Investor wealth shrinks by Rs 15 lakh crore as markets grapple with geopolitical crisis

Erosion of shareholders' wealth is evident from the market capitalisation of all companies listed on the BSE, collectively tumbling from Rs 323.82 lakh crore to Rs 308.73 lakh crore

The Bombay Stock Exchange (BSE) building at Dalal Street in Mumbai (photo: National Herald archives)
The Bombay Stock Exchange (BSE) building at Dalal Street in Mumbai (photo: National Herald archives)

Aditya Anand

In a week marked by financial turbulence, Indian stock markets witnessed a staggering decline in investor wealth, shedding a massive Rs 15 lakh crore over the course of the last five trading sessions. This precipitous contraction in wealth, primarily attributed to a confluence of concerning factors, reverberated across the Bombay Stock Exchange (BSE), as the market capitalisation of all listed companies collectively plummeted from Rs 323.82 lakh crore to a diminished Rs 308.73 lakh crore. Shareholders' fortunes have been dented in a resounding wake-up call to market participants.

The market, already reeling from previous losses, continued to grapple with heavy selling on October 25, with a confluence of factors further unsettling investors. Escalation of the geopolitical crisis in the Middle East, surging bond yields in the United States, and disappointing financial results for the September quarter from major corporates compounded the market's woes.

As the trading day progressed, both the benchmark indices, Sensex and Nifty, were heading towards their fifth consecutive day in the red. The Sensex, the BSE bellwether index, witnessed a decline of 540 points, settling at 64,049 points, while the Nifty, the NSE benchmark, experienced a drop of over 160 points, resting at 19,112 points, as of 4 pm.

What's particularly disconcerting for investors is the newfound trend in this downturn, where the broader market suffered alongside the headline indices, which had previously exhibited resilience in the face of market turbulence. On Wednesday, the Nifty Smallcap and Nifty Midcap indices both registered a decline of approximately one per cent, underscoring the widespread impact of the current market turmoil.

Experts and analysts are watching on several pivotal factors driving these unsettling market conditions. The escalating conflict in the Middle East has emerged as a primary cause for concern. The potential for more parties to become embroiled in the crisis, affecting a larger geographic region and population, is a source of unease.

Since several of these nations are significant oil producers, any further escalation in the conflict could result in a surge in crude oil prices, currently hovering at $88 per barrel. This, in turn, would lead to increased costs for raw materials across various industries and, subsequently, a higher cost of living. These factors collectively pose a severe threat to the economy, which is already grappling with inflationary pressures.

“Investor sentiment is on edge as tensions in West Asia continue to drag the market. Despite a drop in oil prices and an optimistic view of the progressing Q2 results season, investors took a cautious approach due to the expectation that a higher interest rate scenario would continue slowing future growth. However, a positive strategy is evident on large-cap stocks, amid growing geopolitical worries and valuation concerns in mid-and small-cap stocks, as overall earnings growth is being sustained,” observed Vinod Nair, head of research, Geojit Financial Services.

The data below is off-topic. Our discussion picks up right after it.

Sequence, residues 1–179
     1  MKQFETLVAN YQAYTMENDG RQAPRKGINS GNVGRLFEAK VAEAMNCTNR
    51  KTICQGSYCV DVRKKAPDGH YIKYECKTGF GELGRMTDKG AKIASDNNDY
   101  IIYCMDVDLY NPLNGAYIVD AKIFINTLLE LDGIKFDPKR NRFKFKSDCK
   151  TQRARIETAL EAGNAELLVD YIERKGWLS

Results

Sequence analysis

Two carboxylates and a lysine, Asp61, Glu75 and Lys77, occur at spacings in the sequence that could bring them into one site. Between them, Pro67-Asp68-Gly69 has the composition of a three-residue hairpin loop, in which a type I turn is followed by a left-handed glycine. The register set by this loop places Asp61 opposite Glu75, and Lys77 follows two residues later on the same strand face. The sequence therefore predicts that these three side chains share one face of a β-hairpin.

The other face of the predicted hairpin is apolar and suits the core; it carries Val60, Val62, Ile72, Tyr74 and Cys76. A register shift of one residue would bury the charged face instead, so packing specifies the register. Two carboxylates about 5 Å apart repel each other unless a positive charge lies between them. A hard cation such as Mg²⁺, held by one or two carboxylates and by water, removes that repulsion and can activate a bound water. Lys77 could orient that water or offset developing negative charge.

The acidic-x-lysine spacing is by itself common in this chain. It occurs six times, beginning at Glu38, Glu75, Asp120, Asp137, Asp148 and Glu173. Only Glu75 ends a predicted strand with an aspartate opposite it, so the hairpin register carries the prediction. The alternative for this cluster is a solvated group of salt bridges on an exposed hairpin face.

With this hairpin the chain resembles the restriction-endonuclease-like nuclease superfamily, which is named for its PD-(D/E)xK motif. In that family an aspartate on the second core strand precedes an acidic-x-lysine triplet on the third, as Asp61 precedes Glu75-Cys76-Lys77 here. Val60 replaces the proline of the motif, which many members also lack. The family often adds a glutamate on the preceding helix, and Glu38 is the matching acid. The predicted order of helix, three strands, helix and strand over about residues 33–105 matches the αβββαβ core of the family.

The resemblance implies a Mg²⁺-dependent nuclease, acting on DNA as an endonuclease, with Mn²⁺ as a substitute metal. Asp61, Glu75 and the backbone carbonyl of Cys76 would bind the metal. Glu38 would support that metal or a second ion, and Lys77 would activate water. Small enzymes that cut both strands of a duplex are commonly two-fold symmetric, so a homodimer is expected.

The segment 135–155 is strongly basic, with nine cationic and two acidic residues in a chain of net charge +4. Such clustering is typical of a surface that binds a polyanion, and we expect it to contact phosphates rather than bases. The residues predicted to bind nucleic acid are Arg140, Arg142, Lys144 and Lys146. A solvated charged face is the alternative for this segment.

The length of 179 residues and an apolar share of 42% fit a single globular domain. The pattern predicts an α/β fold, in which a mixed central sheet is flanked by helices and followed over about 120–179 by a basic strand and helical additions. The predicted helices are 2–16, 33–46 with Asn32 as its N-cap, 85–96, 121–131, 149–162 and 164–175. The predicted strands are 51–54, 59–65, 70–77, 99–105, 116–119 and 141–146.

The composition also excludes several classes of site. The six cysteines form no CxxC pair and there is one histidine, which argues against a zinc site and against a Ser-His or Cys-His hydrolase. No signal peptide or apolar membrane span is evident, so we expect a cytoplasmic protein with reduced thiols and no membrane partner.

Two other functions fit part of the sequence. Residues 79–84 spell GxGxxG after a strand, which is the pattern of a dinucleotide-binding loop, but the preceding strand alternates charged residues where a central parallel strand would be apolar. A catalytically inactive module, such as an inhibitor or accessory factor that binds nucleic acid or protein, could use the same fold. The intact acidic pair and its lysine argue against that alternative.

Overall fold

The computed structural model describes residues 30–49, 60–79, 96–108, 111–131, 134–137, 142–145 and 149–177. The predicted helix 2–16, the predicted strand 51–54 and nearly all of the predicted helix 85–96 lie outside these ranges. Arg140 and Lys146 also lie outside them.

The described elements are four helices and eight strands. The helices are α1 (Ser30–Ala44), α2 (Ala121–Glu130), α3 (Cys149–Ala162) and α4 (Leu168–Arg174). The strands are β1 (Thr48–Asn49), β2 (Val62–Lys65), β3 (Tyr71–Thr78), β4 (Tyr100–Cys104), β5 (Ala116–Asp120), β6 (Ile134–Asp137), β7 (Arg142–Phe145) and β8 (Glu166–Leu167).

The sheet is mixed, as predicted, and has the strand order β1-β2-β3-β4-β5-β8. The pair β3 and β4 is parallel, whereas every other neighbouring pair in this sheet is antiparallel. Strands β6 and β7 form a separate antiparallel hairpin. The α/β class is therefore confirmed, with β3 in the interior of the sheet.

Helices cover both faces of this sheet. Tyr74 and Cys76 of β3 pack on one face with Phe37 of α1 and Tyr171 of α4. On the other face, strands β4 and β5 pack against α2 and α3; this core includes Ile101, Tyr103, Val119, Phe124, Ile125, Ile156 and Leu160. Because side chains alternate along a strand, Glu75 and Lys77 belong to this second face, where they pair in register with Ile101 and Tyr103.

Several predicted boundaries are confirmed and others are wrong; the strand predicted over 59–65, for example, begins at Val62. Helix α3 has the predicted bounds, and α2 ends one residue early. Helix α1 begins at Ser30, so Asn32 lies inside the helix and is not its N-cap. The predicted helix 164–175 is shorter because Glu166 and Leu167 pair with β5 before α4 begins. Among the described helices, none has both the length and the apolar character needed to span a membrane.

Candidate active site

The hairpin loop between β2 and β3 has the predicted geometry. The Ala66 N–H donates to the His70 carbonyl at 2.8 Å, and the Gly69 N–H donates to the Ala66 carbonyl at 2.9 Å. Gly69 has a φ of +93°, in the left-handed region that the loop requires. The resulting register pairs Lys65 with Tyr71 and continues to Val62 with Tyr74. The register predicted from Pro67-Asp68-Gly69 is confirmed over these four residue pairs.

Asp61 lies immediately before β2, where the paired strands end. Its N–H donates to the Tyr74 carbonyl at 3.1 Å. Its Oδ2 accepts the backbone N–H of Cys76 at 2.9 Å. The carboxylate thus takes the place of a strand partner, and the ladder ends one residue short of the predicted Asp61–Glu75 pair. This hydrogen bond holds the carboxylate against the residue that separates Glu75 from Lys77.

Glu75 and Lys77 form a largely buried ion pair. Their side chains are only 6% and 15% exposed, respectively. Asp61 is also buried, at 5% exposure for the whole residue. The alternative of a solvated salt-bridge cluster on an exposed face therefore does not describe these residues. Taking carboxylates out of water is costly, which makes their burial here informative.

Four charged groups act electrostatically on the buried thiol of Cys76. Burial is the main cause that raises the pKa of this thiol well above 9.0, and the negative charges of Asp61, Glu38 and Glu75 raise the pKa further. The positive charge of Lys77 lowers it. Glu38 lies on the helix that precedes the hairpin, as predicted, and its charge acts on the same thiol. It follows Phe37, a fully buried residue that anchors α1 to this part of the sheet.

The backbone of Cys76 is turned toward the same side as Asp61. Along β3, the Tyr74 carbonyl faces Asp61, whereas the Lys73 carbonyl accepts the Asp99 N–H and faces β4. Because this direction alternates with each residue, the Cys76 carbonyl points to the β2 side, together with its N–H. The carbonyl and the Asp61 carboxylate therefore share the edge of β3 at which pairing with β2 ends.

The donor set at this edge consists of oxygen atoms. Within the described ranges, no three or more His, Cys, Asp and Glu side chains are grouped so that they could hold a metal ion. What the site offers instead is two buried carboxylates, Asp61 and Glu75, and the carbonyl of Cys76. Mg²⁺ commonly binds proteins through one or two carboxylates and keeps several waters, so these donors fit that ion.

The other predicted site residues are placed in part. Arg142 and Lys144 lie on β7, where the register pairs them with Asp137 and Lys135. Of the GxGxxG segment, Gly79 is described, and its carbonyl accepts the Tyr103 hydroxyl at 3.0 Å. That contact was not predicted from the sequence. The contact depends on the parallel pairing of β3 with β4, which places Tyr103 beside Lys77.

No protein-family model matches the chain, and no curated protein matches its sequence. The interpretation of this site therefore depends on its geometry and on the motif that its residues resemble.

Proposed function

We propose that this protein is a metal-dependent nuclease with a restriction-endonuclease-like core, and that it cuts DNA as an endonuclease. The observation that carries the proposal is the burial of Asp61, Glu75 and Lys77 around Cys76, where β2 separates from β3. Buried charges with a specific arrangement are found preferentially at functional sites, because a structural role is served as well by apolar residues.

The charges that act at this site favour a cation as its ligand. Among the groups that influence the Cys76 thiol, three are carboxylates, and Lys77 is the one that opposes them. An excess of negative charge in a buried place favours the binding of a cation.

Another significant factor contributing to the market's woes is the surge in yields on 10-year US bonds, which have now surpassed 5 per cent. This trend has raised concerns about capital outflows from emerging markets, including India, as foreign investors might prefer the safety of US bonds offering a guaranteed annual return of 5 per cent in risk-free dollars. This preference for the safety of US bonds over Indian equities, which are susceptible to geopolitical and currency risks, has already led to a net withdrawal of Rs 10,345 crore by Foreign Portfolio Investors (FPIs) in October, following a net withdrawal of Rs 14,768 crore in September.

“The sell-off was even more brutal within the small and mid-cap space as retail investors finally seem like throwing in the towel on the back of lacklustre earnings and no clear positive commentary from management.All eyes will be on the US 10-year bond yield, the geopolitical uncertainty along with the Federal Open Market Committee (FOMC) commentary to get direction for the week forward,” said Jaykrishna Gandhi, Head - Business Development, Institutional Equities, Emkay Global Financial Services.

Indian equities and their US counterparts are among the most highly valued stocks globally, making them vulnerable to sudden market corrections. The overvaluation is particularly apparent in the broader market, prompting heavier selling in the small and mid-cap sectors. Safety appears to lie in large-cap stocks, particularly in banking majors, which market experts view as fairly valued.

The second-quarter earnings of Indian corporations have presented a mixed picture, with some pleasant surprises and disappointments. Notably, banks have been grappling with margin contractions, and major IT companies have been contending with a slowdown in their operations. These lacklustre earnings reports have cast a shadow over the overall market sentiment.

Global markets have demonstrated weakness to compound these concerns, with European markets opening lower on Wednesday. Although Asian indices exhibited mixed results, the vulnerability of Indian markets to domestic and international factors has been laid bare in this challenging environment. As a result, investors are urged to exercise caution as the markets navigate the uncertainty posed by the ongoing geopolitical crisis and other pivotal economic indicators.

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